Nov 112018
 

It’s a carp-carp card game, doncherknow – but not a version of Go Fish!

Rick Murray has released an implementation of a Japanese two-player card game, pitting you against the computer, called Koi-koi (or “come on”).

The game is played with a deck Japanese playing cards called Hanafuda, which translates as flower cards, and the aim of the game is to accumulate matches, called Yaku. These are pairs of cards of the same suit, and when the game ends, the winner is the player with the most points derived from those pairs.

A finished game of Koi-koi

The description above makes the game sound simple, and at a basic level – in terms of what you have to do – it is. However, there is a degree of difficulty due to the nature of the cards, which you need to be able to recognise, and understand how they relate to each other and thus what they are worth, in order to play well and score as highly as possible.

Unlike Western cards, in which a deck consists of 52 cards, divided up into four suits, Hanafuda decks consist of 48 cards, divided up into twelve suits. Each suit is based around a particular plant1, and represents a month of the year. Separately from the suits, there are also four different categories of card, with a less even distribution; three ‘special’ types of card, of which there are five Brights, nine Animals (also known as Tens), and ten Ribbons, and the remaining 24 cards are Plains. This means that not all suits contain the same number of each type of card, though they are mostly made up of two PlainsĀ  and two special ones. The exceptions to this are November (one Plain) and December (three).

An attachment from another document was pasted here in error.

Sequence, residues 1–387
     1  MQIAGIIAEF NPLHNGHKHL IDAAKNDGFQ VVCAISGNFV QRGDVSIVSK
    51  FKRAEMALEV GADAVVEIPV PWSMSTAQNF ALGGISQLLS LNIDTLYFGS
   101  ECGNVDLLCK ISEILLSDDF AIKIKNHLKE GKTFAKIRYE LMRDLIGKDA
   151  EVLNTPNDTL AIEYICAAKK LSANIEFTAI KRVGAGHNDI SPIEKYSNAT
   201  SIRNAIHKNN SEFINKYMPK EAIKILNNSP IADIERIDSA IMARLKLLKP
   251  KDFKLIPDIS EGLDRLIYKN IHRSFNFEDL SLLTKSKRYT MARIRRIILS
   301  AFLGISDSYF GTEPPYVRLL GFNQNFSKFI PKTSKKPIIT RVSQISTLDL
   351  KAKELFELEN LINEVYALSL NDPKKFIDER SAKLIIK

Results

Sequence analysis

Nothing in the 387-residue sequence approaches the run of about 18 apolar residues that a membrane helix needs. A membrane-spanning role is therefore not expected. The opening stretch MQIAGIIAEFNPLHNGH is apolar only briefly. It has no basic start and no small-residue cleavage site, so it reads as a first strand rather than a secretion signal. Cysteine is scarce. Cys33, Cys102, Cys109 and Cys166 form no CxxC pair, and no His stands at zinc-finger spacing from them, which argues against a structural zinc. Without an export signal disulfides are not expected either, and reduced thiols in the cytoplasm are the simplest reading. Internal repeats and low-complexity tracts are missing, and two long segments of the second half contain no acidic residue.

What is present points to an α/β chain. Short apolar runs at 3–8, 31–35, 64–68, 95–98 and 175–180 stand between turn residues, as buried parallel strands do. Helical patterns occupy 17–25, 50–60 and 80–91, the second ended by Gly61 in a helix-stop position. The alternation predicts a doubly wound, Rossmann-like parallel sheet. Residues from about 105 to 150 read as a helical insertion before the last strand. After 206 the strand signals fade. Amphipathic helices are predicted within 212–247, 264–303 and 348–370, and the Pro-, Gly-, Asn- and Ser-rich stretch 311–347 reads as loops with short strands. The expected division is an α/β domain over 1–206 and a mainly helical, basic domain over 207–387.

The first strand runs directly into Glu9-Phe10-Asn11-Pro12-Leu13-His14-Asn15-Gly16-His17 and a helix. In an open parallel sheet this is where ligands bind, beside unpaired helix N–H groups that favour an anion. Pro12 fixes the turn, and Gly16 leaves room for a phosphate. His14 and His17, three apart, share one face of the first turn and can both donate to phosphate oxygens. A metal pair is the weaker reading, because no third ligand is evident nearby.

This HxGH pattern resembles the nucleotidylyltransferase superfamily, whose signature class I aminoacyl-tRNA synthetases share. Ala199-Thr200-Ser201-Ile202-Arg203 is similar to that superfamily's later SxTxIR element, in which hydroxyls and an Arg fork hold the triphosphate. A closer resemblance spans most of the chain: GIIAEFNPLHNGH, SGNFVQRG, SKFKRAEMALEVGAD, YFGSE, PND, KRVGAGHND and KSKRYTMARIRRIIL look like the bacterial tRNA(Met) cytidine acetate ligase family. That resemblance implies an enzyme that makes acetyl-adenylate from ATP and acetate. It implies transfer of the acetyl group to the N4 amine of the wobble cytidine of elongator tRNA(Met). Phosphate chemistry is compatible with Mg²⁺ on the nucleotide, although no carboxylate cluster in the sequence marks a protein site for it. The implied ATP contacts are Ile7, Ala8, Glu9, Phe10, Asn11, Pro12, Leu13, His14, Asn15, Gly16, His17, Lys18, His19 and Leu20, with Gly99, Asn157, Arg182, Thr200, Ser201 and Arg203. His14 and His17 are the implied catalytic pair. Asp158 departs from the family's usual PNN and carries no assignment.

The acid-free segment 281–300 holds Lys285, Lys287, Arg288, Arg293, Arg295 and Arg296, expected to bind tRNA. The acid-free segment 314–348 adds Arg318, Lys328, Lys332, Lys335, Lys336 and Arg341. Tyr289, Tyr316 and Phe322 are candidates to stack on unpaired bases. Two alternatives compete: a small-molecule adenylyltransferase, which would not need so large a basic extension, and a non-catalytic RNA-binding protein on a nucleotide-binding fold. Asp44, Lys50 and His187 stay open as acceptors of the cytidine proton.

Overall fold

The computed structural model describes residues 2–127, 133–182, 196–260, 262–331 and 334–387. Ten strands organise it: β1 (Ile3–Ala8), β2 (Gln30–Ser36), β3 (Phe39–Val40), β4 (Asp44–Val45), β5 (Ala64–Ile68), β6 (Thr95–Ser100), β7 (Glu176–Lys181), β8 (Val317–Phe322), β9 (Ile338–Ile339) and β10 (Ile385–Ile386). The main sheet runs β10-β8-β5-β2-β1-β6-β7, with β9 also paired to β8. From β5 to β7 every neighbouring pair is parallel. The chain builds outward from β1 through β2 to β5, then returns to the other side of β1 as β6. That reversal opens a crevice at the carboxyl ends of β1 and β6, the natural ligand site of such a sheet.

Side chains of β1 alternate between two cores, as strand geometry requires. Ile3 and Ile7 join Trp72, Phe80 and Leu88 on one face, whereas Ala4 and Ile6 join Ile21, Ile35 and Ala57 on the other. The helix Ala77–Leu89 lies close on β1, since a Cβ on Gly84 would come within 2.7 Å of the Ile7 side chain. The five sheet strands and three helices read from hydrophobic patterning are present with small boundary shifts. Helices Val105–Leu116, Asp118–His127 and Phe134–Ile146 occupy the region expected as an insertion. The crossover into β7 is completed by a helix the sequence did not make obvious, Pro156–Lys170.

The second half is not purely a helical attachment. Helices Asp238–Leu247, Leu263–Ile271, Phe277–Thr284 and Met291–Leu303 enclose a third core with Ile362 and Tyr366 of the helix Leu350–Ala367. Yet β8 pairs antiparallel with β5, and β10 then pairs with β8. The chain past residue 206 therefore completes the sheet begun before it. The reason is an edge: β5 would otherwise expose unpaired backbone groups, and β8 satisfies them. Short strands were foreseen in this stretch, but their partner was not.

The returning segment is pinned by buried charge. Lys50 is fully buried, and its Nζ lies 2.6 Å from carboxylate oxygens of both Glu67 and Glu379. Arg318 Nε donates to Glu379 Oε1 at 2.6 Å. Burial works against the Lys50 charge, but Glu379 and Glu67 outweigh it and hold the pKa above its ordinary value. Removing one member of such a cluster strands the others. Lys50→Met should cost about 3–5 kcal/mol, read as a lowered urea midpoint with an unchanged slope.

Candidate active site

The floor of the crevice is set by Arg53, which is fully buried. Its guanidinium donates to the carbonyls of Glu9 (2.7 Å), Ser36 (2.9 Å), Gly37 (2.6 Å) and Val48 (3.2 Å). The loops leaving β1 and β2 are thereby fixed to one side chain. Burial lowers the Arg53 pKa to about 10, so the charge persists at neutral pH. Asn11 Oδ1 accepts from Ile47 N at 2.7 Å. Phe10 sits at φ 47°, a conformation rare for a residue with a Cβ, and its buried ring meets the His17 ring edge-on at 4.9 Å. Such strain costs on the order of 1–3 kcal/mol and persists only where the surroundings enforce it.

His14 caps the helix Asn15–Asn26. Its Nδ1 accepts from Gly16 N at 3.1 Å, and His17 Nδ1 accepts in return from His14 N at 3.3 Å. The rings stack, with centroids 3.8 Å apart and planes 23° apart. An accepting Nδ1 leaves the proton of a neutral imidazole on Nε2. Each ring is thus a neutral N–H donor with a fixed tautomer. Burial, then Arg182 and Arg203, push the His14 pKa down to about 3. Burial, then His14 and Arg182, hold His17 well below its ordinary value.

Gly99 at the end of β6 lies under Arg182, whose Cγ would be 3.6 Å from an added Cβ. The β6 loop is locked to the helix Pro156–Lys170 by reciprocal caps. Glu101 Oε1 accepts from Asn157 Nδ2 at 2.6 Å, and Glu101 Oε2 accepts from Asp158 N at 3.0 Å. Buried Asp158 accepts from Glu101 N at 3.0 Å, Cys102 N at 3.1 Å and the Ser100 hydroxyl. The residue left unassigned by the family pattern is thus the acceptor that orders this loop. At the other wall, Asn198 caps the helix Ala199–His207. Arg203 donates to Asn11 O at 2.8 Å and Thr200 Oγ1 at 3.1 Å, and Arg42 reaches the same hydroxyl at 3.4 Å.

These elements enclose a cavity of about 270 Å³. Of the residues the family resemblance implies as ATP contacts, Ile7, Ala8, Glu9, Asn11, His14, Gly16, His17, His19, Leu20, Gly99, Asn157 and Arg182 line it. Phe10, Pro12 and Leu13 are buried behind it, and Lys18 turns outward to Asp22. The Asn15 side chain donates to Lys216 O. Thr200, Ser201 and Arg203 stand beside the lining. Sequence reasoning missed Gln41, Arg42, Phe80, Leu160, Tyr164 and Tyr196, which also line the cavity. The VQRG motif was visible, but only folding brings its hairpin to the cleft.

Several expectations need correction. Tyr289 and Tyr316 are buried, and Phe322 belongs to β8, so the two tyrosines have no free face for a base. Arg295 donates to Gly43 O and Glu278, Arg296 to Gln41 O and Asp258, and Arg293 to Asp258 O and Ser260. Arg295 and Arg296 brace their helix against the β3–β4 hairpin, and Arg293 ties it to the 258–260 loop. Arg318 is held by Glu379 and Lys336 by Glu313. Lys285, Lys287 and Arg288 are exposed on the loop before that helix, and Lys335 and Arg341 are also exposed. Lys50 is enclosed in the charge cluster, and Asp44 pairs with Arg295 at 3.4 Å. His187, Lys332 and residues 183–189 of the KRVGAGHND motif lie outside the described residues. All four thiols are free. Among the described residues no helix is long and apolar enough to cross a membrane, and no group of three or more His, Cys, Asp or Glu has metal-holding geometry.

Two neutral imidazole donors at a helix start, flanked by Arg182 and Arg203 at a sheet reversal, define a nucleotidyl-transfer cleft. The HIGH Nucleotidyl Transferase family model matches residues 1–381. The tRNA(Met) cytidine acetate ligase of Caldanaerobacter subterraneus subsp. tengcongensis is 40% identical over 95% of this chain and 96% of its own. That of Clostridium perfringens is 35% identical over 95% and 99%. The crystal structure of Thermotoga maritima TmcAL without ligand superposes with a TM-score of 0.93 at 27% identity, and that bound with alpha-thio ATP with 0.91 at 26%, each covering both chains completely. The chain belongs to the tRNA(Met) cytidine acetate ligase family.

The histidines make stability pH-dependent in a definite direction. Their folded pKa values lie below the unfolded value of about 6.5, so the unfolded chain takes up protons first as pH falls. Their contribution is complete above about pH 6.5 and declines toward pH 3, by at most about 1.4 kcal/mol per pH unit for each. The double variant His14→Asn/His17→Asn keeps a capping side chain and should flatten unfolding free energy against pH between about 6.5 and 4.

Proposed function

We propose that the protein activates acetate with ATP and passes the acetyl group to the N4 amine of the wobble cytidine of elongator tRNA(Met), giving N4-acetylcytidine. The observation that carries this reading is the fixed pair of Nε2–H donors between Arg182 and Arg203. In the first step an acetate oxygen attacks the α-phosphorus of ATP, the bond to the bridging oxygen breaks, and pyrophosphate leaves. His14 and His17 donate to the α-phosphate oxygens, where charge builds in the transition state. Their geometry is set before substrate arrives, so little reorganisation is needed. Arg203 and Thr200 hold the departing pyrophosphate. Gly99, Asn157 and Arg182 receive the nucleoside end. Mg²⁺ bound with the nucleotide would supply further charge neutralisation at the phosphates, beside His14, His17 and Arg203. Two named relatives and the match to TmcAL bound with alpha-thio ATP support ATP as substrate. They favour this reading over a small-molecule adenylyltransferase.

Both the suits and the types of card are important for the play of Koi-koi; it is the suits that you match, and the card-types that determine how you score, so remembering what type of card is what is key to your success. For example, the Bright cards score highest (which is why there are fewer of them), followed by the Animal cards – but confusingly not all of the Animal cards depict animals, while some of the Bright cards do.

Rick first started writing the implementation back in 2012, having obtained a set of cards and taught himself the game in 2011, but development was largely forgotten due to his working hours. A recent rediscovery of the unfinished code prompted him to finish it off – and it’s now available to download via his blog, and will soon be available from !Store. There is a description of how the game is played as part of the application’s !Help file, but for a more detailed explanation, as well as of the cards themselves, refer to his blog entry from when he first obtained the cards and learnt to play.

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1. Although the name translates as flower cards, the January suit depicts pine, which I believe is not a flowering plant.